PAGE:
Saturday, April 11, 2009

Musical Assumptions

Here's a comment I made over on Musical Assumptions. And here's a link to the specific post:

Hi. Seems like this is a situation where your blog title comes into play. There's the music, and then there's each individual brain sensing and processing that music. I'd guess it's not just simple prejudice, but a more complex brew that might include that, but also everything else heard beforehand conditioning the response, as well as various differing ways individuals have of responding to music.

For a lay person not completely knowledgeable about the era and without all kinds of mental furniture to enable comparisons, notions of imitation and ranking of importance would probably not be as big an issue.

You begin the post talking about what "bothers" you is the assumption being made. What gets me is that so many academics and musicians seem to have a need to pin pieces down like butterflies in a case, where all is ordered and arranged - and dead.

Part of what you hear is what the brain is looking for, so if you're busy classifying and judging everything you might miss what the music is really about. Analysis is important, but not the only reason to listen to music.

I'm a music therapist, and often tell people it simply does not matter what someone else thinks of music you like. If it benefits you physically, mentally, emotionally and/or spiritually, that's the bottom line.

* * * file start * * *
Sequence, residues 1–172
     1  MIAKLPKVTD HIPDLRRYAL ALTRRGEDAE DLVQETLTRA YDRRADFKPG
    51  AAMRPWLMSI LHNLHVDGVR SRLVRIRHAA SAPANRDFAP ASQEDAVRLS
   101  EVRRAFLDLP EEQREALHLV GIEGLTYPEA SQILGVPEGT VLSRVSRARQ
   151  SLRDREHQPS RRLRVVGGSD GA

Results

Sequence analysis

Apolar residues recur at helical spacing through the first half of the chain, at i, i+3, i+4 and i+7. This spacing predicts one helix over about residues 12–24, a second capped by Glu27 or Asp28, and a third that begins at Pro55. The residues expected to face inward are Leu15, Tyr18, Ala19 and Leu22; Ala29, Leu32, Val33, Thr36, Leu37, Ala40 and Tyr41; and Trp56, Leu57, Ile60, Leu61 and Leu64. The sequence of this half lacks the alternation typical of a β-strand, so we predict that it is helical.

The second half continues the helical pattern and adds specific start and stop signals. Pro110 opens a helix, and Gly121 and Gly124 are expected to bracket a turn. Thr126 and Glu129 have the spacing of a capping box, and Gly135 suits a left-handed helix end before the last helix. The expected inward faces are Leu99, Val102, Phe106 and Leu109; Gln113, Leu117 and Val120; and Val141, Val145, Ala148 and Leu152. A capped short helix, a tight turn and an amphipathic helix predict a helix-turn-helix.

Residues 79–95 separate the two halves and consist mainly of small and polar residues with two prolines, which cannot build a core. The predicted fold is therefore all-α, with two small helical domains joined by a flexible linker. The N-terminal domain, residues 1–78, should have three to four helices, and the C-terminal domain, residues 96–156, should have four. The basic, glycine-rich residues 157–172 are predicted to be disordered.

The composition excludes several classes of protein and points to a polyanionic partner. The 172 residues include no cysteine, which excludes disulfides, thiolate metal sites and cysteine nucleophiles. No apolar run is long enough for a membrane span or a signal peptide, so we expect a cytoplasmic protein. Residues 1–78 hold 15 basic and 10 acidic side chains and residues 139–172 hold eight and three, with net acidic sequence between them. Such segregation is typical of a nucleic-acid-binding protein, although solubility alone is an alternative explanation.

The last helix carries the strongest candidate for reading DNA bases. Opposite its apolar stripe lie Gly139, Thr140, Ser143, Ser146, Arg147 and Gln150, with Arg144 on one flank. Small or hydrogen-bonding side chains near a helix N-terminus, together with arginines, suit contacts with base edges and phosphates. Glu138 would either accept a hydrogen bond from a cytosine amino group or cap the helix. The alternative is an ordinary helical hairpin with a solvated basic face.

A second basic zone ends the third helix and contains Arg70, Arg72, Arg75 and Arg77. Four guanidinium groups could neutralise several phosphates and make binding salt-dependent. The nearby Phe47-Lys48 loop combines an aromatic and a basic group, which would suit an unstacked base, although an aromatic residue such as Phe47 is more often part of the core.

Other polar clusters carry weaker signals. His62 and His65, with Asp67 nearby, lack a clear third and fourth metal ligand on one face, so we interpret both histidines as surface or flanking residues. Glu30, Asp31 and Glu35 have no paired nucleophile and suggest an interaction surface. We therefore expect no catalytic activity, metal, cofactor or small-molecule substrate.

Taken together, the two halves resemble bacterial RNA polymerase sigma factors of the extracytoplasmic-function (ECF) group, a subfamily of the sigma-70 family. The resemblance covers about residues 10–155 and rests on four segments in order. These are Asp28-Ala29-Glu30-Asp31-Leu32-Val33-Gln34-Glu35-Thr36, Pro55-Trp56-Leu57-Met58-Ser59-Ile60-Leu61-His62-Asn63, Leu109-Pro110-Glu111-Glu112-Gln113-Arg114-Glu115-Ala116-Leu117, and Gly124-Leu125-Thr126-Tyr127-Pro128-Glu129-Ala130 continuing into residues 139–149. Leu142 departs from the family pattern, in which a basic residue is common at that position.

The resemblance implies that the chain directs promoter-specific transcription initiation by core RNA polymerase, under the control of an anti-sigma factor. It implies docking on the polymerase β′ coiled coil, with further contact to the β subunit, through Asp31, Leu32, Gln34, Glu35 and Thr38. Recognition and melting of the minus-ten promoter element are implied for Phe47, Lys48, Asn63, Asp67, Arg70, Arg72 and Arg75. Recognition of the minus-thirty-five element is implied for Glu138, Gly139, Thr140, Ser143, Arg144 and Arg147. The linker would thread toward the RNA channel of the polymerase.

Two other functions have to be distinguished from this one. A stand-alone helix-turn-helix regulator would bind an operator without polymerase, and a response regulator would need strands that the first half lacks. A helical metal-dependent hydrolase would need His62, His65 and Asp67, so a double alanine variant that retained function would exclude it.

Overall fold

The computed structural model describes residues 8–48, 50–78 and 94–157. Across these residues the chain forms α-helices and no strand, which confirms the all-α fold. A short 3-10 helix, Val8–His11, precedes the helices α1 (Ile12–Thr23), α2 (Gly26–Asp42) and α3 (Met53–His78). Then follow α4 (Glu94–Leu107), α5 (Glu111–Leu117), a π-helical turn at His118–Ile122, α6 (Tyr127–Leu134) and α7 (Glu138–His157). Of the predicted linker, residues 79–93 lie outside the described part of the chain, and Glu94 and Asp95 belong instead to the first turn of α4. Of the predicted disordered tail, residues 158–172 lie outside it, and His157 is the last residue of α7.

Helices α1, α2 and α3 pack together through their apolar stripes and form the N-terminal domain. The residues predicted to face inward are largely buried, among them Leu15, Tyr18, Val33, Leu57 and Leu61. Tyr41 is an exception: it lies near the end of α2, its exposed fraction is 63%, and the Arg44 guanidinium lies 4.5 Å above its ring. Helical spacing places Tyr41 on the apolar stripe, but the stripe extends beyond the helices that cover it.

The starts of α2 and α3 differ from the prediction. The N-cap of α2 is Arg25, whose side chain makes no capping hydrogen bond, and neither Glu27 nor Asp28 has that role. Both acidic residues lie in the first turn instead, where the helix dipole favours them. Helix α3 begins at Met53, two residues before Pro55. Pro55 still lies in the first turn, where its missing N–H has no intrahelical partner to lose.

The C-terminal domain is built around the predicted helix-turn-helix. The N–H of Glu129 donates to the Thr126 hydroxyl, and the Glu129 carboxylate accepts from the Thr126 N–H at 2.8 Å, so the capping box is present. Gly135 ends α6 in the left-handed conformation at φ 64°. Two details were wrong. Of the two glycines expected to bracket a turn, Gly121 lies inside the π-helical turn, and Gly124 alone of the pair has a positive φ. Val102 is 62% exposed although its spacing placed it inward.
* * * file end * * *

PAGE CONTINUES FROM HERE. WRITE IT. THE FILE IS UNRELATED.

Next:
(Just found you back when "Sounds & Fury" linked that Gould video you had, and very glad I did.)


  1. Thank you for this very intriguing comment! You are so right about the tendency of academic musicians to want to classify, "pin down," and arrange music in order to try to make sense of it. The more time I spend with music, the more I find it impossible to classify it. And there is music that becomes even more mysterious with time and wear. Perhaps it is in the freedom from not having to analyze that we get to the essence of what music is capable of doing. I fluctuate continually between the two poles of embracing form and rejecting it completely.

    Thank you for introducing me to your very interesting blog!

  2. Elaine - Thanks for the comment and the kind words. I've been enjoying your take on things. Finally commented because this post hits on the music educator/performer perspective vs. music therapist perspective interface I'm always trying to better understand.

    Keep up the good work!